A Technion team has found a radically new solution to the conventional mask dilemma by creating an invisible “air-screen” in front of the wearer’s face.
By World Israel News Staff
Researchers at Haifa’s Technion – Israel Institute of Technology have developed a revolutionary invisible facemask to protect wearers against the transmission of COVID, MERS, influenza, and other respiratory viruses, the university announced Sunday.
Although conventional facemasks help protect against disease transmission, recent scientific literature shows that they also present adverse psychological and physiological effects. They reduce facial identification and emotion recognition, adversely affect oral communication, and can cause headaches and skin problems.
Wearing masks throughout the workday also results in a lack of focus, as well as reduced attention and patience in a wide range of professions.
As a result of these difficulties, many people wear masks incorrectly – on or below their mouths – which greatly reduces protection. Even in Japan, where facemasks are common, a large study found that just 20% of people wear masks correctly.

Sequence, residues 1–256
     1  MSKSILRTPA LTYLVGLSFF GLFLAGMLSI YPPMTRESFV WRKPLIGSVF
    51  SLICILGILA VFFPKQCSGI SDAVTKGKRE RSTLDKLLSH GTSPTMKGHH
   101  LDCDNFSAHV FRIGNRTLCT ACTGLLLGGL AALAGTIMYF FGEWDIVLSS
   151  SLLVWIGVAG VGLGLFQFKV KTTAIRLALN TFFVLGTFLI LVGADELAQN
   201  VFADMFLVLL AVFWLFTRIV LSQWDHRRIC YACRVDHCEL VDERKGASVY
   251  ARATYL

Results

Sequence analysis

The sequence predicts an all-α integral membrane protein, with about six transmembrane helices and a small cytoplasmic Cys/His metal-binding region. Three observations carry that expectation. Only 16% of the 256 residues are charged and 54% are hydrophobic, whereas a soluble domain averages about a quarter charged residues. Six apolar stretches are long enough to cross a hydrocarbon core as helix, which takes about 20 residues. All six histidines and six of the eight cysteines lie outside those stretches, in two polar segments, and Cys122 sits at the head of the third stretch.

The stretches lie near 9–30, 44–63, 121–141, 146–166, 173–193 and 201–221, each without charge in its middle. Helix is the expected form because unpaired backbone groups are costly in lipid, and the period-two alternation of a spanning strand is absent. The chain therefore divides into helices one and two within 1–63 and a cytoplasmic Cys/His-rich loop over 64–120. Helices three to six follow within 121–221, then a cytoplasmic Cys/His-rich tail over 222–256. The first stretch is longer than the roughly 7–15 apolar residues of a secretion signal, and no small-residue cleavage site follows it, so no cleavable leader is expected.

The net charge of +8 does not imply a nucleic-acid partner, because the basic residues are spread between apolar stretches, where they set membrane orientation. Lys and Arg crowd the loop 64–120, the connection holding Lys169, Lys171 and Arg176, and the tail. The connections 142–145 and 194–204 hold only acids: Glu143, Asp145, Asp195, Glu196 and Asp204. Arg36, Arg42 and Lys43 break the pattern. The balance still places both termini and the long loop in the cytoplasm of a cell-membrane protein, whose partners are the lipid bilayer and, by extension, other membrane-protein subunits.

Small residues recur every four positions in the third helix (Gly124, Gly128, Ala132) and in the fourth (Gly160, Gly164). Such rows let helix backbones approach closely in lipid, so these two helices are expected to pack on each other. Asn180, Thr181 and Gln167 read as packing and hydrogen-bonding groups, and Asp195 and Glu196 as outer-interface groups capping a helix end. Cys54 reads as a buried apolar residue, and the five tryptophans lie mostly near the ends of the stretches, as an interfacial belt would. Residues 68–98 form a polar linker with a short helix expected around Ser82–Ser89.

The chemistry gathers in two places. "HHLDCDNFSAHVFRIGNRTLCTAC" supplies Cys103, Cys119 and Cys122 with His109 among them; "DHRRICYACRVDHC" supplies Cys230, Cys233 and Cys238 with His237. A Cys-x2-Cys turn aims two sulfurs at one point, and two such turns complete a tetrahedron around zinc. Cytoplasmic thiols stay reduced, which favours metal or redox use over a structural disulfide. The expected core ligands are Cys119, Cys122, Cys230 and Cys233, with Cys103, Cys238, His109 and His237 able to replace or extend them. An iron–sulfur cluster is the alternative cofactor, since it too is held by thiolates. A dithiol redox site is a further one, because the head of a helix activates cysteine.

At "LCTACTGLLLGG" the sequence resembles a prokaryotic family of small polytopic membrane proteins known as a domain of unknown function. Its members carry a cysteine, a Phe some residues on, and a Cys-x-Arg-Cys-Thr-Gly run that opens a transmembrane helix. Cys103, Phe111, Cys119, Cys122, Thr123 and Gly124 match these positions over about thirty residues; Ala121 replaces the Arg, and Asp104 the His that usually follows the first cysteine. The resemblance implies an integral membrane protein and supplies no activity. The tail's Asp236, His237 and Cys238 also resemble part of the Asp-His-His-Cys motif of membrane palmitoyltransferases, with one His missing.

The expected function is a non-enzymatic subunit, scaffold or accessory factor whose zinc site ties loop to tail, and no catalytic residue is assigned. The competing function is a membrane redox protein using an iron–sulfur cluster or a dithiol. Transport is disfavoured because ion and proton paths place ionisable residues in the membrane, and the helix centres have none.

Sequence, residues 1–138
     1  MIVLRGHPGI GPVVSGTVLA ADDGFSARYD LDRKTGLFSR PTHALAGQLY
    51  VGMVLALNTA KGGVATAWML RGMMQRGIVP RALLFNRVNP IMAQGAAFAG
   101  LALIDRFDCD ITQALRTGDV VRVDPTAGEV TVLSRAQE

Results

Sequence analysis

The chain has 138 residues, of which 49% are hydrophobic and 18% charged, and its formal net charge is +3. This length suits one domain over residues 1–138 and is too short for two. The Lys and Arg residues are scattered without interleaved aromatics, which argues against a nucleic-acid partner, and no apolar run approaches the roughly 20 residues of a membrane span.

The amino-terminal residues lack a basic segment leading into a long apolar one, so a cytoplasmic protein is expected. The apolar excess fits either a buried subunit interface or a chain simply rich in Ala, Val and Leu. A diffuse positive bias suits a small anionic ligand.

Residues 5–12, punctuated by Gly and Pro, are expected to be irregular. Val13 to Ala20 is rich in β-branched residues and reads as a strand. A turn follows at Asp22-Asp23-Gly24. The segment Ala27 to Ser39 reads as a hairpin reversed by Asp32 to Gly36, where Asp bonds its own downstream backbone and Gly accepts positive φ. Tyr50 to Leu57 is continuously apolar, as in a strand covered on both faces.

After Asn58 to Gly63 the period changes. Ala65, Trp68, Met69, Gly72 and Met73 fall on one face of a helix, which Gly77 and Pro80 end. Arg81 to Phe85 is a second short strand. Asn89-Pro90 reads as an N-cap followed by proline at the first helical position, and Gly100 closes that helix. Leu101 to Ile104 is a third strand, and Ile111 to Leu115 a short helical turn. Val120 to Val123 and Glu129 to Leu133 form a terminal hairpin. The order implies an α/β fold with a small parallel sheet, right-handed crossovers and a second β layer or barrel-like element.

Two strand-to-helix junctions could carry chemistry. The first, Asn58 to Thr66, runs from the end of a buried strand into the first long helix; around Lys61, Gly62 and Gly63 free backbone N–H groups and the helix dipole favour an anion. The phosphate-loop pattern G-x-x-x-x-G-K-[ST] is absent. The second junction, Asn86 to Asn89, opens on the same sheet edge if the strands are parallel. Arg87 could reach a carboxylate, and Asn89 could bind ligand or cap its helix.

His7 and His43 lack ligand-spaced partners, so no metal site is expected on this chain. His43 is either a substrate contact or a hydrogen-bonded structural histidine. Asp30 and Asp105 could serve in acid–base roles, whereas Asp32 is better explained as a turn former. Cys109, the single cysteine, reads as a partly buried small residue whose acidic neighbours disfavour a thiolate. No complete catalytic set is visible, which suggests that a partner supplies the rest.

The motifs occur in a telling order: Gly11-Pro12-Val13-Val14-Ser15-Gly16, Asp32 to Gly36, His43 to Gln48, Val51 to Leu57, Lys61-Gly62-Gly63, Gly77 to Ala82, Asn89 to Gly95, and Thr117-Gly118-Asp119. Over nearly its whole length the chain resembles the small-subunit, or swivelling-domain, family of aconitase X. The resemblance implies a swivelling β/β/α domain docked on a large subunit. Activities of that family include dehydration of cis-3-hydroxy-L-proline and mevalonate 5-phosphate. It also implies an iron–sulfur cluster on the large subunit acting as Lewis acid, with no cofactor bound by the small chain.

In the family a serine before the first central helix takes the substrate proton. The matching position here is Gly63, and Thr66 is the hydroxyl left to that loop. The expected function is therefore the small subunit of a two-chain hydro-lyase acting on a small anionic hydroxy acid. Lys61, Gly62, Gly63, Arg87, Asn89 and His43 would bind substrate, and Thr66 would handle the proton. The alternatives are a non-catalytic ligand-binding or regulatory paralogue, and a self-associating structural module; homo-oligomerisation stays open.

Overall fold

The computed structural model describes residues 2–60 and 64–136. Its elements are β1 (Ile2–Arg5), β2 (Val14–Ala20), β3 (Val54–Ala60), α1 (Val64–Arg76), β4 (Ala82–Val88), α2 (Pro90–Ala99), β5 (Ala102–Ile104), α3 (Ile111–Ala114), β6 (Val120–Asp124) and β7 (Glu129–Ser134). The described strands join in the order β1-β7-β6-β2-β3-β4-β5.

Conventional facemasks have also led to a dramatic rise in plastic waste, exacerbated by governmental mask-wearing mandates, producing millions of tons annual.
Now, a Technion team led by Professors Moshe Shoham and David Greenblatt has come up with a radically new solution to the conventional mask dilemma by creating an invisible “air-screen” in front of the wearer’s face. The air-screen originates from within a lightweight filter-covered unit mounted on the visor of a cap.
Several major advantages became clear: the air-screen protects the eyes, nose, and mouth without negative effects on facial identity, emotion recognition, or oral communication. It is also reusable, so it does not pollute the environment.
Recently published research, based on experiments conducted in Prof. Greenblatt’s laboratory, demonstrated the air-screen’s efficacy by effectively blocking aerosols produced during oral communication, as well as large droplets produced by coughing and sneezing. It also removes quiescent aerosol-laden air from in front of the face by a process known as “entrainment.”
This joint effect of blocking and entrainment occurs where laser illumination is used to render the airflow visible, as seen in this video:
Several one-on-one interviews and pilot studies with more than 50 subjects from various sectors clearly showed the advantage of the invisible air screen over the commonly used face masks, according to the Technion. These groups represent potential early adopters, who will benefit most from this new technology in Israel and globally.
The Technion recently licensed the technology to Israeli startup Wisdome Wearables Ltd.
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